The Blackwood Research Group consists of Dr. Blackwood and several of her former and current PhD students.
Professor Evelyn Blackwood: I am a socio-cultural anthropologist interested broadly in questions of gender, sexuality, identity and power in the context of a globalized world. My early work explored the lives of female-bodied Native American two-spirits and included an anthology on anthropology and homosexual behavior. For my first book I explored gender and kinship among rice farmers of the matrilineal and Islamic Minangkabau of West Sumatra, Indonesia. This research was conducted in 1989-90 and 1996.
I returned to West Sumatra in 2001 and 2004 to conduct research on same-sex sexualities and female-bodied trans-identities, focusing on tomboi and femme identities, female masculinities, and lesbian activist movements in Indonesia. That work is published in Falling into the Lesbi World: Desire and Difference in Indonesia (University of Hawaii Press 2010). Now also available in Asia, Australia and New Zealand through Hong Kong University Press (2011).
See my publications on my webpage.
My current ethnohistorical project chronicles the lives of generations of lesbian-identified women in the San Francisco Bay Area. The book takes readers from the early days of invisible lesbian social networks and crowded house parties in the 1940s and 50s, through the radical 60s, to the heady days of the 70s. Although many today think lesbian and gay liberation started in 1969, the earlier decades laid the groundwork for the development of vibrant lesbian communities in the 70s.
Bay Area lesbians in the 70s were beneficiaries of the dynamic yet underground homophile and homosexual communities in San Francisco and other urban US cities since at least the 1940s. Set in a larger history of lesbians in the U.S., this book explores emergent San Francisco/Bay Area lesbian communities to reveal an electrifying and turbulent time of radical change and raw hope seen through the eyes of the women who lived it.
- Link to 1970s SF Lesbian History Project page
Stephanie A. Allen: (StephanieBRG) received her PhD in American Studies at Purdue University. Her main research interests include Contemporary American Fiction, Black feminism, and sexuality studies, with a focus on Black lesbian fiction and film. She is most interested in the paucity of scholarly, critical, and popular attention given to Black lesbian cultural productions and the intersections of race, class, gender, and sexuality that contribute to the invisibility and marginalization of Black lesbians in popular and mass culture, as well as in literary discourses.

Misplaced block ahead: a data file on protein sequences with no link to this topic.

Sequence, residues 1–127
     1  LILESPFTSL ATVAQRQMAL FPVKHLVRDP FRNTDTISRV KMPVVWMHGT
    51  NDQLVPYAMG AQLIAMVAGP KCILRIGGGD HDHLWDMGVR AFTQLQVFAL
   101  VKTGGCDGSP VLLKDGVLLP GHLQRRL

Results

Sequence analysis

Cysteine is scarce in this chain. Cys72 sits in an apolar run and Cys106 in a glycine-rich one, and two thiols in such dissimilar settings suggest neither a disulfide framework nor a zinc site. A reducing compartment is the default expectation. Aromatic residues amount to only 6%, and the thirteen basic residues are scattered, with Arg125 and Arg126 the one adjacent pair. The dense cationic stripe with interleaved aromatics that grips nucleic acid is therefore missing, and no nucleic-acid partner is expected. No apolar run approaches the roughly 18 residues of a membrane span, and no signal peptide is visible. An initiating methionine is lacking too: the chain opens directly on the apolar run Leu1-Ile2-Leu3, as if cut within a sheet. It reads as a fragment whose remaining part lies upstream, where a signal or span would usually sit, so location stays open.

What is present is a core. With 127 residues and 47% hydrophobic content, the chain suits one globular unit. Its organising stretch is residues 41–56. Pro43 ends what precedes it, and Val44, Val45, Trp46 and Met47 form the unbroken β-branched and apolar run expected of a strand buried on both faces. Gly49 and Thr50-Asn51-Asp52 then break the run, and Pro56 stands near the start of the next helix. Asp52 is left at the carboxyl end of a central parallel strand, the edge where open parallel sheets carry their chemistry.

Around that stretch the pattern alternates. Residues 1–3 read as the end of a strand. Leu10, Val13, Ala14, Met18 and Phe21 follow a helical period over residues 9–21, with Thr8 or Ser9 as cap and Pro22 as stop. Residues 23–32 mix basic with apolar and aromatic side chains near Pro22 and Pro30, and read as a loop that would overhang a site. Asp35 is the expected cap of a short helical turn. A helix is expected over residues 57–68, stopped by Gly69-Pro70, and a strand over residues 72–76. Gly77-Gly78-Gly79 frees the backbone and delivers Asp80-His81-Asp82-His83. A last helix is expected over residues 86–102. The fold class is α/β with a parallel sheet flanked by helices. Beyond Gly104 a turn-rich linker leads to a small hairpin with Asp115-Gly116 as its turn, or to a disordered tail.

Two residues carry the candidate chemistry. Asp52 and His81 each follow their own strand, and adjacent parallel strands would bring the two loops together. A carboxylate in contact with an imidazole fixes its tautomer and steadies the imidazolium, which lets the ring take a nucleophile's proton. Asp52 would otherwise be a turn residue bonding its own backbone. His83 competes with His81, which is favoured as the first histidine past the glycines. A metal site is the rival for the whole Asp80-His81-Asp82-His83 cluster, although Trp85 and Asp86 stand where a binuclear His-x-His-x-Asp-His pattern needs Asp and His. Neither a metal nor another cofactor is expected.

Franco Lai received her PhD in Anthropology at Purdue University, exploring the lives of Indonesian women migrant workers in Hong Kong. She is an assistant professor at National Tsing Hua University, Taiwan, in General Education and Anthropology. For more information click here.
Ryan Plis: (RyanBRG) received his PhD in Anthropology at Purdue University and is currently working at the University of Michigan, Ann Arbor. His research focuses on transmen and other female-bodied masculinely-gendered people in the United States. His dissertation explores gender non-conformers in the Southern U.S. and their kinship networks.
Ad Maulod (AdBRG) received his PhD student in Anthropology at Purdue University. His research draws inspiration from cultural theories of embodiment, agency and everyday life, transnational feminism, post colonial and performance studies as well as archival practice. Dealing with the production and experience of contemporary masculinities along lines of class, gender, race and religion in Southeast Asia, his research explores notions of ‘modern’ subjectivities and desires and transnational discourse on Queer, with particular focus on Singapore.
Madisson Whitman is a PhD student in cultural anthropology at Purdue University, and an STS researcher who studies how technologies, institutions, and subjectivities are made together, with a current focus on the social production of data at universities in the U.S. Interests: big data and algorithms; identity and subjectivity; power and agency; classification and marginalization; institutions; expertise; infrastructure; surveillance; failure